Why does 'Date::strptime' accept invalid strings as valid month names?

Hi,

I was looking for if I can use Date::strptime method to check if a
string
can be validate as valid month or not, Thus I tested it with few
random
strings. It was meeting my expectation too.

Date::strptime(“January”,’%B’)

=> #<Date: 2014-01-01 ((2456659j,0s,0n),+0s,2299161j)>

Date::strptime(“JaNuary”,’%B’)

=> #<Date: 2014-01-01 ((2456659j,0s,0n),+0s,2299161j)>

Date::strptime(“JaNua”,’%B’)

=> #<Date: 2014-01-01 ((2456659j,0s,0n),+0s,2299161j)>

2.0.0-p451 :005 > Date::strptime(“Foo”,’%B’)

ArgumentError: invalid date

Date::strptime(“Jan”,’%B’)

=> #<Date: 2014-01-01 ((2456659j,0s,0n),+0s,2299161j)>

Date::strptime(“Janu”,’%B’)

=> #<Date: 2014-01-01 ((2456659j,0s,0n),+0s,2299161j)>

Now all are going above my head.

Date::strptime(“Marche”,’%B’)

=> #<Date: 2014-03-01 ((2456718j,0s,0n),+0s,2299161j)>

Date::strptime(“Marcheee”,’%B’)
#=> #<Date: 2014-03-01 ((2456718j,0s,0n),+0s,2299161j)>
Date::strptime(“Mayil”,’%B’)

=> #<Date: 2014-05-01 ((2456779j,0s,0n),+0s,2299161j)>

Date::strptime(“Juneixyt”,’%B’)

=> #<Date: 2014-06-01 ((2456810j,0s,0n),+0s,2299161j)>

Does that mean valid English month name checking this way is not safe ?
:frowning:

Regards,
Arup R.

Debugging is twice as hard as writing the code in the first place.
Therefore,
if you write the code as cleverly as possible, you are, by definition,
not
smart enough to debug it.

–Brian Kernighan

On Monday, June 09, 2014 05:56:14 PM Jess Gabriel y Galn wrote:

So, if your string contains the name of the month, it will match, even
though it contains further characters.

Jesus.

Some more exception. How the below are valid also, as junks between the
actual
names also not making Ruby to throw error as Invalid date, as it
supposed to
do:

2.0.0-p451 :003 > Date::strptime(“Jantuary”,’%B’)
=> #<Date: 2014-01-01 ((2456659j,0s,0n),+0s,2299161j)>
2.0.0-p451 :004 > Date::strptime(“Janxtuary”,’%B’)
=> #<Date: 2014-01-01 ((2456659j,0s,0n),+0s,2299161j)>
2.0.0-p451 :005 >

Regards,
Arup R.

Debugging is twice as hard as writing the code in the first place.
Therefore,
if you write the code as cleverly as possible, you are, by definition,
not
smart enough to debug it.

–Brian Kernighan

On Mon, Jun 9, 2014 at 4:35 PM, Arup R.
[email protected] wrote:

=> #<Date: 2014-01-01 ((2456659j,0s,0n),+0s,2299161j)>

Date::strptime(“Marche”,’%B’)

=> #<Date: 2014-03-01 ((2456718j,0s,0n),+0s,2299161j)>

Date::strptime(“Marcheee”,’%B’)
#=> #<Date: 2014-03-01 ((2456718j,0s,0n),+0s,2299161j)>
Date::strptime(“Mayil”,’%B’)

=> #<Date: 2014-05-01 ((2456779j,0s,0n),+0s,2299161j)>

Date::strptime(“Juneixyt”,’%B’)

=> #<Date: 2014-06-01 ((2456810j,0s,0n),+0s,2299161j)>

Does that mean valid English month name checking this way is not safe ? :frowning:

It looks like MRI is checking the words only up to the month’s name
length (check:
https://github.com/ruby/ruby/blob/a3a6da5ec51c17390a6c8c6fe733a3a59eca4a69/ext/date/date_strptime.c#L216)

 case 'B':
 case 'b':
 case 'h':

{
int i;

for (i = 0; i < (int)sizeof_array(month_names); i++) {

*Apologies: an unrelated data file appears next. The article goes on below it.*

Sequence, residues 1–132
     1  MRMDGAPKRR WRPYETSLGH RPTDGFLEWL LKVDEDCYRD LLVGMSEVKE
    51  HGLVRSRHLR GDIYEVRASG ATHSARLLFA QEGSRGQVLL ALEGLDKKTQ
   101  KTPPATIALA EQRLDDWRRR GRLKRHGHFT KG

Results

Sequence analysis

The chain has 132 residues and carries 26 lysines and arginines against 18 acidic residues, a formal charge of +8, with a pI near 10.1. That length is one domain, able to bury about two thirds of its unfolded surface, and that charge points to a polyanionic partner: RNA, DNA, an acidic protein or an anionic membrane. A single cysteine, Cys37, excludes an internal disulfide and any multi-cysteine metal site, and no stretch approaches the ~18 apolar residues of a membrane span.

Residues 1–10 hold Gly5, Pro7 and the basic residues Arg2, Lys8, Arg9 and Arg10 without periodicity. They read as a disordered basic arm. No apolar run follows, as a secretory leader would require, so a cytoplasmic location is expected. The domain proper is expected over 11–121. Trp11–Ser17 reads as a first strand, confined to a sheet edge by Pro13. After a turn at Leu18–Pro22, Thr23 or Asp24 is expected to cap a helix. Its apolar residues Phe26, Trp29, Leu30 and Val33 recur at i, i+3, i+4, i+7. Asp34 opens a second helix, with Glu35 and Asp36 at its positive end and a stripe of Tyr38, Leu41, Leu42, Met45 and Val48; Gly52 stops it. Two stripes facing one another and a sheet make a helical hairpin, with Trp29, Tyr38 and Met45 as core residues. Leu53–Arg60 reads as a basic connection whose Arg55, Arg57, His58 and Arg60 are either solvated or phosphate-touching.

size_t l = strlen(month_names[i]);
if (strncasecmp(month_names[i], &str[si], l) == 0) {
si += l;
set_hash(“mon”, INT2FIX((i % 12) + 1));
goto matched;
}
}
fail();
}

So, if your string contains the name of the month, it will match, even
though it contains further characters.

Jesus.

On Monday, June 09, 2014 06:23:56 PM Jess Gabriel y Galn wrote:

So, even though January doesn’t match, Jan does, and so it is parsed.

Jesus.

Another thing to note here for Time objects. I used Time#strftim by
mistake
with %Q option and got the below output, which forced me to check the
doc
and I found it is not there. I expected some error,while invalid string
formats
. But it gave me the string back.

time = Time.now
time.strftime("%Q") # => “%Q”

Regards,
Arup R.

Debugging is twice as hard as writing the code in the first place.
Therefore,
if you write the code as cleverly as possible, you are, by definition,
not
smart enough to debug it.

–Brian Kernighan

On Jun 10, 2014, at 12:05, Arup R. [email protected]
wrote:

formats*. But it gave me the string back.
From the doco:

The directives begin with a percent (%) character. Any text not listed as a
directive will be passed through to the output string.

I interpret that to mean that “%”
will pass through just like your example:

On Mon, Jun 9, 2014 at 5:20 PM, Arup R.
[email protected] wrote:

2.0.0-p451 :003 > Date::strptime(“Jantuary”,’%B’)
=> #<Date: 2014-01-01 ((2456659j,0s,0n),+0s,2299161j)>
2.0.0-p451 :004 > Date::strptime(“Janxtuary”,’%B’)
=> #<Date: 2014-01-01 ((2456659j,0s,0n),+0s,2299161j)>
2.0.0-p451 :005 >

You can see in the link I pasted before, that it’s trying to match the
following names:

static const char *month_names[] = {
“January”, “February”, “March”, “April”,
“May”, “June”, “July”, “August”, “September”,
“October”, “November”, “December”,
“Jan”, “Feb”, “Mar”, “Apr”, “May”, “Jun”,
“Jul”, “Aug”, “Sep”, “Oct”, “Nov”, “Dec”
};

So, even though January doesn’t match, Jan does, and so it is parsed.

Jesus.

On Tuesday, June 10, 2014 04:10:49 PM Ryan D. wrote:

From the doco:

The directives begin with a percent (%) character. Any text not listed as
a
directive will be passed through to the output string.

I interpret that to mean that “%” will
pass through just like your example:

Thank Ryan. Yes it is mentioned in the doc, and somehow I skipped that
while I
was reading the doc.

Regards,
Arup R.

Debugging is twice as hard as writing the code in the first place.
Therefore,
if you write the code as cleverly as possible, you are, by definition,
not
smart enough to debug it.

–Brian Kernighan

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